The retrial of real-estate mogul and ruling party bigwig Hisham Talaat Mostafa resumed on Wednesday with prosecutors introducing what they called “incriminating evidence” against the defendant and his alleged accomplice in the 2008 murder of Lebanese pop singer Suzanne Tamim.
In the second session of the retrial, the criminal court heard recorded phone calls made between Mostafa, 50, and Mohsen el-Sukari, a former state security policeman allegedly hired by the businessman to kill Tamim in her Dubai apartment. It was the first time for the recordings to be played aloud in court. In the first trial, call transcripts were simply read aloud by prosecutors.
The retrial itself began on Monday, with both Mostafa and el-Sukari pleading not guilty to all of the charges. Both defendants were present in the dock during Monday’s and Wednesday’s sessions amid heavy security both inside and outside the courtroom.
In the phone calls, el-Sukari could be heard talking to Mostafa about an “operation” that the latter wanted done in London, while also discussing money issues. In another phone call, el-Sukari could be heard saying that the woman they were trailing had left London for Dubai. Tamim is not referred to by name. Both defendants had referred to a “she” who had left for Dubai, where she was residing with a man, according to the phone call.
Mostafa could also be heard asking el-Sukari why the job had not yet been executed and the operation delayed.
In one phone call, apparently made when Tamim was still in London, Mostafa–in a line that would later be widely reported–states: “The best prototype in this situation is Ashraf Marwan.” Marwan was an ex-Egyptian spy who died in London after falling off a balcony; many believed he was murdered and his death made to look like suicide. In the recording, el-Sukari agrees that this is “the best way” and that the operation would be done in this manner.
Mostafa then adds, “But I want a specific date for this, maximum one week or ten days.” When el-Sukari begins elaborating on the “operation,” Mostafa cuts him off saying, “Let’s not talk about these things on the phone.”
In another phone conversation, Mostafa can be heard questioning el-Sukari about why those who were hired to follow her in London had lost her trail. “How did you lose her like that after you were following her?” he asks, to which el-Sukari responds by saying that surveillance was being paid for by the hour, so he has to lift it at certain junctures in order to cut costs.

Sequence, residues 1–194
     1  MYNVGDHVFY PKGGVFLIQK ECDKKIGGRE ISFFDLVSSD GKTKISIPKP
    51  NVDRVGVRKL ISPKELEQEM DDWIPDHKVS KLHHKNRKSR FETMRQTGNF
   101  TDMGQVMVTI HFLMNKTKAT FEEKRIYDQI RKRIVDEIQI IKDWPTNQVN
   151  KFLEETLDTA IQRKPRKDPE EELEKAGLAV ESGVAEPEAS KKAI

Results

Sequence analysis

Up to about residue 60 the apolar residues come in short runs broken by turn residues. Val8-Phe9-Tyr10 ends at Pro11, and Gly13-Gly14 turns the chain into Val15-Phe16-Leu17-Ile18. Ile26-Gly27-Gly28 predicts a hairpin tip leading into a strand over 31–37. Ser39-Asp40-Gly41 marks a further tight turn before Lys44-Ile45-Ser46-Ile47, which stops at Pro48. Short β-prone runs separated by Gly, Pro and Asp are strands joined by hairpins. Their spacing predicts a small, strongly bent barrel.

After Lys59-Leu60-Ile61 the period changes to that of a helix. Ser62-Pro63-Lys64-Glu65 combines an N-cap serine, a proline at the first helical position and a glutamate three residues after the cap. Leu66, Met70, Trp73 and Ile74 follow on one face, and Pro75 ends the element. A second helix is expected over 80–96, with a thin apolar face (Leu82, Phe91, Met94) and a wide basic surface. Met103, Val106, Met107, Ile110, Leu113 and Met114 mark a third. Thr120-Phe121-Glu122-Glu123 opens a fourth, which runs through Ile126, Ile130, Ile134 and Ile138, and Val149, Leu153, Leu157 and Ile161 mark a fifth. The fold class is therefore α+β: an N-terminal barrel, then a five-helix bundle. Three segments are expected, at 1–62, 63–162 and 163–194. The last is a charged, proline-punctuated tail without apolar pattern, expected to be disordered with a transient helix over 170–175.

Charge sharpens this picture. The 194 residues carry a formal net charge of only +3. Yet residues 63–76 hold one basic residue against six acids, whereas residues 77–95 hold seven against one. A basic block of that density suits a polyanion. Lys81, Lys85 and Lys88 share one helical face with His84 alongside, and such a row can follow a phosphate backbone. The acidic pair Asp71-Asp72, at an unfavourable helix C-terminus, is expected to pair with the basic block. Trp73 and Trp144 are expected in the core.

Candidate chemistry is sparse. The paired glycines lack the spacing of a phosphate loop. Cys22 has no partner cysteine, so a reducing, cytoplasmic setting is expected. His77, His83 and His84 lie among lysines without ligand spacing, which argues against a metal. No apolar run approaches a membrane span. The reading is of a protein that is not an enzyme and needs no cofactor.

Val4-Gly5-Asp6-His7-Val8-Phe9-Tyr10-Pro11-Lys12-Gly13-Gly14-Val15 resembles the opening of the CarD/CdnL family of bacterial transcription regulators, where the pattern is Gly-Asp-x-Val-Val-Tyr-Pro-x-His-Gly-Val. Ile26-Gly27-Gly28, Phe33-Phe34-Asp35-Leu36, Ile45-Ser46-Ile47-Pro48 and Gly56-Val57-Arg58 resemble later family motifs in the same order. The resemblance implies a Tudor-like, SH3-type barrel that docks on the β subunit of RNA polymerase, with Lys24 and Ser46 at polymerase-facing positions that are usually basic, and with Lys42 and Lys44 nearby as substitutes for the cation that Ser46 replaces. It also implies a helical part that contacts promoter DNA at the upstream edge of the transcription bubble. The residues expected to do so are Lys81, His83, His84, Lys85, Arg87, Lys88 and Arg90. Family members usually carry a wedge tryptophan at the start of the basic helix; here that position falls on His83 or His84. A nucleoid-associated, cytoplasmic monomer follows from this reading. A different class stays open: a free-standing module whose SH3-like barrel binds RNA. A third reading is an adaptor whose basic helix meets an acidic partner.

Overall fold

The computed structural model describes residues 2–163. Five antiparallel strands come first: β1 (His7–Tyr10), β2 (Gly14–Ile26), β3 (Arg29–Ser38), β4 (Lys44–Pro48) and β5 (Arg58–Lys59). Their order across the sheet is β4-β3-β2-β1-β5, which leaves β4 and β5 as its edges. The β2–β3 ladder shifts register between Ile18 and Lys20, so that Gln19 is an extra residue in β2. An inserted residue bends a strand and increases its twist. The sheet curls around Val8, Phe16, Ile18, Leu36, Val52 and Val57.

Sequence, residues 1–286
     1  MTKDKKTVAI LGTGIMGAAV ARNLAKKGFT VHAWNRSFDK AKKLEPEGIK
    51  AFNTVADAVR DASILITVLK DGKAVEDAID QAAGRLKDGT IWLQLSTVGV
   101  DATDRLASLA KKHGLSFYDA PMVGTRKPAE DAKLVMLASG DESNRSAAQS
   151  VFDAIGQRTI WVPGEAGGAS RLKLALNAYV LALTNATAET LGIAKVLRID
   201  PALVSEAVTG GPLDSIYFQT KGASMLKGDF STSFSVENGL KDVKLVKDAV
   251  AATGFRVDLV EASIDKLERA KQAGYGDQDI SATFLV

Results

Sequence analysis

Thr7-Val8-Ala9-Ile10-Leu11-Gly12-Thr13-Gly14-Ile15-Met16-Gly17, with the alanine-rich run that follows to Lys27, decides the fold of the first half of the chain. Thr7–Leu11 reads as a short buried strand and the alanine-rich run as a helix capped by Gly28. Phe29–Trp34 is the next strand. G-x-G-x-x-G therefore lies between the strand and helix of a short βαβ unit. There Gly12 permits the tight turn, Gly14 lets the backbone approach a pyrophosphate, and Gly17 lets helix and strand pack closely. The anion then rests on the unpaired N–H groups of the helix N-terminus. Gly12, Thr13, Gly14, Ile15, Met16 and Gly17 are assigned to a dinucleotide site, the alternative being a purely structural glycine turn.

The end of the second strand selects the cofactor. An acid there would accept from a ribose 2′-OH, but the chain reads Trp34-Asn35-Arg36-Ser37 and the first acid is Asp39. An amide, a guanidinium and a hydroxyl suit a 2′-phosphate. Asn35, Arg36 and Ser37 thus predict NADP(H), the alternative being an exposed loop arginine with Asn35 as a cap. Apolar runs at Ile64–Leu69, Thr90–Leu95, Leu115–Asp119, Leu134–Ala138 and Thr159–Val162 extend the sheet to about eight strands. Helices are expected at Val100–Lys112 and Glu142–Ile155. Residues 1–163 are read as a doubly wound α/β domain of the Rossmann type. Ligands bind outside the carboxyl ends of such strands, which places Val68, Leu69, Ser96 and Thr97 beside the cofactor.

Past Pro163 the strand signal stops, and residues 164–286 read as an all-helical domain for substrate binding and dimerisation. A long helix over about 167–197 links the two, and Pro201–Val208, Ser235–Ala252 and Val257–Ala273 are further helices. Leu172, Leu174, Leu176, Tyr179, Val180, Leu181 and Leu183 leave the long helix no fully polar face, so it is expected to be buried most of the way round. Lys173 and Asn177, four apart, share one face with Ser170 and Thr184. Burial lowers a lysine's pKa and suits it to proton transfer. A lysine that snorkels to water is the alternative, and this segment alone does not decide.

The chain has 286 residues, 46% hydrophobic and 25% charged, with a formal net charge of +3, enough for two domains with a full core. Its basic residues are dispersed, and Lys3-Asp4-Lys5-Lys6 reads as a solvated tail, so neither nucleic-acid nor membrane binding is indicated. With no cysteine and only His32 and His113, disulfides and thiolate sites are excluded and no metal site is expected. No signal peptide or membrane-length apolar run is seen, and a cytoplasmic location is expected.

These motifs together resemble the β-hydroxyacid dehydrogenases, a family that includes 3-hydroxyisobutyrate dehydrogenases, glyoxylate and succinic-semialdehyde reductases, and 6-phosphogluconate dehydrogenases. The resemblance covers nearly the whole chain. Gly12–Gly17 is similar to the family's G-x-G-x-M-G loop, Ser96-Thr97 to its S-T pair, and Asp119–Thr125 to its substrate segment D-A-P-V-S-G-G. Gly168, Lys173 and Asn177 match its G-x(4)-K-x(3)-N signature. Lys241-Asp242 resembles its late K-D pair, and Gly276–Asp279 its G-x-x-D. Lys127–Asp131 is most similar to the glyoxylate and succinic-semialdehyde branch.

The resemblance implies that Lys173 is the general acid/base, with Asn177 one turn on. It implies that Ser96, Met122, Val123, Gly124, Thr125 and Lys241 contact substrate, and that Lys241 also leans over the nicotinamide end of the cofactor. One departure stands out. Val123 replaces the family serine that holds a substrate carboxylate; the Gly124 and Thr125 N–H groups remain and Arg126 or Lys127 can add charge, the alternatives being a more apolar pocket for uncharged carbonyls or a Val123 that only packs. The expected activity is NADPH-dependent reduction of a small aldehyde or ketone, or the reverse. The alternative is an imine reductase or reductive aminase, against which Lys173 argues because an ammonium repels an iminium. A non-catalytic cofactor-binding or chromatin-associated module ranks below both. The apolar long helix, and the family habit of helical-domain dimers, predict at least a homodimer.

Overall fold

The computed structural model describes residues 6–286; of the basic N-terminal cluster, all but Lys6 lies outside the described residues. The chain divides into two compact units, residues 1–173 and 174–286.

In yet another phone conversation, el-Sukari tells Mostafa that “the operation was called off with the people in London,” after noting that he had acquired pictures “of her and him,” along with “20 percent of the money.” El-Sukari says that, “after losing her trail, we discovered she’s in Dubai. There are pictures of them together on a beach. She’s been with him for more than 15 days now. She’s living with him.”
Prosecutors say that all these represent clear references to Tamim.
Screen-shots of Closed-Circuit Television (CCTV) footage showing el-Sukari coming in and out of a Dubai hotel, and into the building where Tamim had resided in Dubai around the time of the crime, were also exhibited in court. El-Sukari spoke from the dock, saying that only a few of the images in which his face is visible were authentic and claiming that they weren’t surveillance shots taken near the hotel entrances but rather at the hotel gymnasiums.
“Look at the glass door in the background,” he said from the defendant’s cage. “These are not hotel doors that the public can use. These are glass doors leading to the gym, sauna and jacuzzi areas of the hotel … I was coming in and out of the gym and sauna … Dubai is misleading us,” he said.
Fareed el-Deeb, defense lawyer for Mostafa, and Atef el-Manawy, lawyer for el-Sukari, both recorded their objections to the screen-shots, saying they were not clear, that they had been chosen “selectively,” and that their time codes were inaccurate. “The time codes written by hand in red on top of the pictures do not correspond to the actual time codes written outside of the frame,” the lawyers said.
They both strongly hinted that the pictures had been tampered with “in someone’s interests” and blamed Dubai authorities “for withholding visual evidence” and refusing to hand in the complete CCTV camera footage of el-Sukari. Both defense lawyers requested that the “entire footage,” around 8,000 hours, be looked at again–something that could further delay the trial and perhaps “take years,” according to one civil rights prosecutor.
The retrial is being presided over by three panel judges headed by Adel Abdel-Salam Gomaa, who said that the “expert” that extracted the images from the CCTV footage would be summoned to court. The court will meet again on Thursday, 29 April, in the morning.
Mostafa, along with el-Sukari, was convicted in the first trial and slapped with a death sentence for inciting the murder of Tamim. Mostafa’s lawyers, however, pointing to legal errors, filed an appeal. The court ended up ruling in favor of Mostafa by overruling the death sentence, accepting the appeal and ordering a retrial.
Two days earlier, during the first session of the retrial, the court had heard how el-Sukari had stalked and followed Tamim’s every move in London and the United Arab Emirates, and how he had attacked her in her Dubai apartment, cutting her throat with a knife and stabbing her repeatedly in return for a US$2-million payment.
Mostafa had commissioned and assisted the murder “in an act of revenge,” prosecutors said, after he had been romantically involved with the singer, who reportedly left him later for someone else.